Plate No. 20.

Portion of a carpet. Persian, early eighteenth century [859 - 1876]. Velvet, embroidered in gold and silver. Kakvin is noted by the Persians for this kind of embroidery, which is now sometimes used for saddle-cloths and holster-covers. This carpet is beautifully worked in tambour gold and silver thread, giving a slightly raised rich effect. Gold and silver embroidery of this kind does not, however, seem suitable for carpets.

Plate No. 20.

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Portion of a Carpet. Persian, Early 18th Century [859-1876]. Velvet, embroidered in Gold and Silver

Plate No. 21.

The Syon Cope.* English, date about 1250 [83 - 1864]. Of canvas, entirely covered with embroidery of various classes; the interlacing barbed quatrefoils are bordered with gold thread worked in close-lying, short stitches, and three rows of green, or red, or yellow, and white silk in chain stitch. The ground in the alternative quatrefoil is filled in with green and faded crimson silks, worked in short stitches to form a close diaper of chevron pattern. On the inside of the embroidery hanks of loose thread have been laid, and are occasionally stitched over with green and red silk passing through the intervening canvas, and so adding substance to the embroidery. The quatrefoils enclose figures of our Lord, the Virgin Mary, and the Apostles; with winged cherubins, or angels, standing on wheels in the intervening spaces. The faces, hands, and coloured draperies are worked with fine-coloured silks in small chain stitches. The gold embroidery is done in close-lying, short stitches. The orphrey, morse, and hem are wrought with armorial bearings with coloured silks, gold and silver threads in small cross stitches, and are of later date (about fifty years).

* See Dr. Rock, Textile Fabrics, p. 275. On close examination with a microscope, the flesh-stitch appears rather like a fine split stitch worked in circular lines.

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Plate No.21.

The Syon Cope. English, date about 1250 [83 - 1864].

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Plate No. 22.

Detail from the Syon Cope. By looking closely into this fine specimen, Dr. Rock says,* "We find that, for the human face, all over it, the first stitches were commenced in the centre of the cheek, and worked in circular or straight lines, into which, however, after the middle had been made, they fell, and were so carried on through the rest of the fleshes. After the whole figure had thus been wrought, then, with a little thin iron rod, ending in a small bulb or smooth knob, slightly heated, were pressed down those spots upon the faces worked in circular lines, as well as that deep, wide dimple in the throat, especially of an aged person. By the hollows that are lastingly sunk, a play of light and shadow is brought out, that, at a short distance, lends to the portion so treated a look of being done in low relief."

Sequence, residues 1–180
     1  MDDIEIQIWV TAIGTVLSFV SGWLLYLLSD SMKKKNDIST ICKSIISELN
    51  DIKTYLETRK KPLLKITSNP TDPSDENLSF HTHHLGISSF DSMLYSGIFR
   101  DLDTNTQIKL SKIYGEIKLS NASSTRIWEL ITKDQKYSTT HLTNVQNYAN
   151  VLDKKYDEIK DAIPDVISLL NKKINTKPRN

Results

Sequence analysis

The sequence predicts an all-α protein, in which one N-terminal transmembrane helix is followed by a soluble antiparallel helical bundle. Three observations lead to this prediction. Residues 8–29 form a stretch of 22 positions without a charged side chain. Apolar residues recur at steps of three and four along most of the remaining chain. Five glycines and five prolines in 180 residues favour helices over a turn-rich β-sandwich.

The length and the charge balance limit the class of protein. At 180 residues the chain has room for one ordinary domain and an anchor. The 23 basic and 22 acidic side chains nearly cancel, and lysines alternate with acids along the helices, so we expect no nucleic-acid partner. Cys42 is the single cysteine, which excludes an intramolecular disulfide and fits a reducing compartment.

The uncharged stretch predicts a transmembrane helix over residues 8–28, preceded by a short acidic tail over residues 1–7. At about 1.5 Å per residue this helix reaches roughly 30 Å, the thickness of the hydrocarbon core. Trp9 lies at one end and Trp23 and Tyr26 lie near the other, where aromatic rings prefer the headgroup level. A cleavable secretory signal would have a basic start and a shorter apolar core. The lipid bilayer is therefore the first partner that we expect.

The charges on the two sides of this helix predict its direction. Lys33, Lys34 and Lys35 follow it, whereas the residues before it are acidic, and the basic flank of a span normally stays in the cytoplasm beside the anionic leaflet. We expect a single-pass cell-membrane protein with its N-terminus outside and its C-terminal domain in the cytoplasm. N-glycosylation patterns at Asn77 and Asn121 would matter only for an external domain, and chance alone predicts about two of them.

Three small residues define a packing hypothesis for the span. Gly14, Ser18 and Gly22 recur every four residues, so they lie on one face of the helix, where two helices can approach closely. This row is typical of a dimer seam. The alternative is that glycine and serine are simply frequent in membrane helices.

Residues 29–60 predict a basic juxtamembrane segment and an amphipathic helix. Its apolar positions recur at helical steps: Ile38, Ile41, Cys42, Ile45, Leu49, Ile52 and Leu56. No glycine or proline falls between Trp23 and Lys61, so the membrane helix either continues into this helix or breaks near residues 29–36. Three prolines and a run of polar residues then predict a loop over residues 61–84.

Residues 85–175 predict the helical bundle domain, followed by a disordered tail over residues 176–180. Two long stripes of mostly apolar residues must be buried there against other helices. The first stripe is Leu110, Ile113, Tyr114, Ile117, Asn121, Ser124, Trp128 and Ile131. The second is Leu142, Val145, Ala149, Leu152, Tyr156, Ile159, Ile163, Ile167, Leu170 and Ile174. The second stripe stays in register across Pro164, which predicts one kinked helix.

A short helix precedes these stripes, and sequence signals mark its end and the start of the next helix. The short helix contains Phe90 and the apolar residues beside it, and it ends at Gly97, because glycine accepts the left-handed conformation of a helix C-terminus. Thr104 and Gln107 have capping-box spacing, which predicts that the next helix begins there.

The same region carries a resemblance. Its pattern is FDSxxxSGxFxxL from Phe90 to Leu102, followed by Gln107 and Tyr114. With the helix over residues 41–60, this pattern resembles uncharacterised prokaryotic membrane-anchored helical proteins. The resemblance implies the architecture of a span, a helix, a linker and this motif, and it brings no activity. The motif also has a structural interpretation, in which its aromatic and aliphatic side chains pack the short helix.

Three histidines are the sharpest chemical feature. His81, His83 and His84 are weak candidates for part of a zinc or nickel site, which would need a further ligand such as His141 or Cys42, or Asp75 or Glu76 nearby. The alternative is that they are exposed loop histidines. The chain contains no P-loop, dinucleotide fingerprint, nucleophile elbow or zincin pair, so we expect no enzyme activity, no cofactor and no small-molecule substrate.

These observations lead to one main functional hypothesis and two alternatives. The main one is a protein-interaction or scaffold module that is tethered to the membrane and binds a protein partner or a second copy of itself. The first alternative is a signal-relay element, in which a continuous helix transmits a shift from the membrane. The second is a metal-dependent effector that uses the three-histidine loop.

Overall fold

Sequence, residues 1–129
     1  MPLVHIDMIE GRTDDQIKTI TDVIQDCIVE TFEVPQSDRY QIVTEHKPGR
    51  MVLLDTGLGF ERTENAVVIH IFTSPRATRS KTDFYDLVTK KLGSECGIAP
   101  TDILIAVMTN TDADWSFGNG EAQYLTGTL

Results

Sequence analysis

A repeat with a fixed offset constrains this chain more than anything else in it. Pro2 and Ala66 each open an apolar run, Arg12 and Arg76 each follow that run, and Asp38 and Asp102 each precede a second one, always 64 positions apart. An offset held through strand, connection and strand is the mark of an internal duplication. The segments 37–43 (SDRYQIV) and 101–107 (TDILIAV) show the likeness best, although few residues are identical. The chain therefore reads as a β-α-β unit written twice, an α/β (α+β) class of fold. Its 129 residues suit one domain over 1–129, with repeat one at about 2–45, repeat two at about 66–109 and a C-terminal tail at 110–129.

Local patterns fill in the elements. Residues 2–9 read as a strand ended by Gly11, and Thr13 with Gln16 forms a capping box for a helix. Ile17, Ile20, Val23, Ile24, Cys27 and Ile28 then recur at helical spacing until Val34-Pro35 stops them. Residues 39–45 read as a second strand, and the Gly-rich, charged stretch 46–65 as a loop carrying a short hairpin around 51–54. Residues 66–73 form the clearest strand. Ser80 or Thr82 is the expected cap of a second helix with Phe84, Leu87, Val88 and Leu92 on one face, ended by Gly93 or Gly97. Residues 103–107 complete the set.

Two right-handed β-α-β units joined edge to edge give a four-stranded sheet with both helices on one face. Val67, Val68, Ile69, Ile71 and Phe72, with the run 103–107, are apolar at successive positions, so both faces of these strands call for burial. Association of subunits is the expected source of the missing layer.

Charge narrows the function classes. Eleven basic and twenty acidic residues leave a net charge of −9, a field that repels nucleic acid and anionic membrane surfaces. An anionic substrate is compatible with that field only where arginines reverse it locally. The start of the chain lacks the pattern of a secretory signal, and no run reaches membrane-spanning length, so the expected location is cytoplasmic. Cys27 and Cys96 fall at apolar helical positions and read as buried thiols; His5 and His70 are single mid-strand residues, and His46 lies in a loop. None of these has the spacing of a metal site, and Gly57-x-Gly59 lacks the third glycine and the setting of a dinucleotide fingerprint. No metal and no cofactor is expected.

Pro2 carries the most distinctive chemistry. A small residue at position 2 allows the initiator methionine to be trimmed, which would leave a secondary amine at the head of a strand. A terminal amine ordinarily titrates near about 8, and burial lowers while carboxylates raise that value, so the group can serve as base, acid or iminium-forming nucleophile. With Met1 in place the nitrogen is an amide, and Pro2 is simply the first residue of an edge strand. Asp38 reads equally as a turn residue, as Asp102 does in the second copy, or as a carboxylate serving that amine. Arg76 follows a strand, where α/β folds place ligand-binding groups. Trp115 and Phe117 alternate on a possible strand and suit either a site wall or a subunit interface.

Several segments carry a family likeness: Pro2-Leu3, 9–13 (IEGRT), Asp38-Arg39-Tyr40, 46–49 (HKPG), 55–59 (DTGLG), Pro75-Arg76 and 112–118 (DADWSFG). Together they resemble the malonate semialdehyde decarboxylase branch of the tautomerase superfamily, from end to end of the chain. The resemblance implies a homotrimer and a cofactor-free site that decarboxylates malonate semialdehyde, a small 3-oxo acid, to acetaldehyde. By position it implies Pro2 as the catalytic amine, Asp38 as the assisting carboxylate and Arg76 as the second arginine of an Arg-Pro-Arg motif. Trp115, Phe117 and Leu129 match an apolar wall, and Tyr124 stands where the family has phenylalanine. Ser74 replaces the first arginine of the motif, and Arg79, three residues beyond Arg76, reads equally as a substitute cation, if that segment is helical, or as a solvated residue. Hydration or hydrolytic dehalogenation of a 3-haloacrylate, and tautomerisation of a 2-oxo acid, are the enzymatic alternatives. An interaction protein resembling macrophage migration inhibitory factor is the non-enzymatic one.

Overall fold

* Textile Fabrics, p. 288.

Screen panel, "Spring." Designed by Walter Crane. The ground is a coarse linen of a low-toned oatmeal colour. The design is embroidered with silks, chiefly in stem and long and short stitches. It is about the nearest approach to outline embroidery that could be without being actually accepted as such. The most solid work is bestowed upon the figures. The youth's smock is embroidered on the light parts only, the ground being utilised to represent the shading, with a brown outline to define the folds of the garment. This method is also adopted in working the girl's costume; her dress has but a few lines, representing high lights, and the drawing of the folds is given with the dark colour. The blossoms have a voiding * between each petal.

* A narrow space round the form, similar to that rendered by the process of stencilling.

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Plate No. 23.

Screen Panel, " Spring." Worked at the Royal School of Art Needlework.

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Plate No. 24.

Screen Panels. Four Figures representing the Senses - "Seeing," "Smelling," "Hearing," and "Tasting." Designed by Walter Crane and embroidered at the Royal School of Art Needlework.

Screen panels, four figures representing the Senses - "Seeing," "Smelling," "Hearing," and "Tasting." Designed by Walter Crane. Worked entirely in outline on a delicate coloured linen, in stem stitch for the drapery and split stitch for the flesh. The whole is embroidered with two shades of brown silk.

Design for an altar-frontal by Selwyn Image. On a white ground all the figures are to be worked in strong outline; foliage in solid embroidery, the fruit forms filled in with cross stitch.

Portion of a frieze, "The Seven Ages of Man." Designed by Walter Crane, 'and worked at the Royal School of Art Needlework. It is executed in outline - stem stitch with brown silk on a string-coloured linen ground.

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Plate No. 25.

Altar-frontal. Designed by Selwyn Image.

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Plate No. 26.

Portion of Frieze. Designed by Walter Crane, and worked at the Royal School of Art Needlework.

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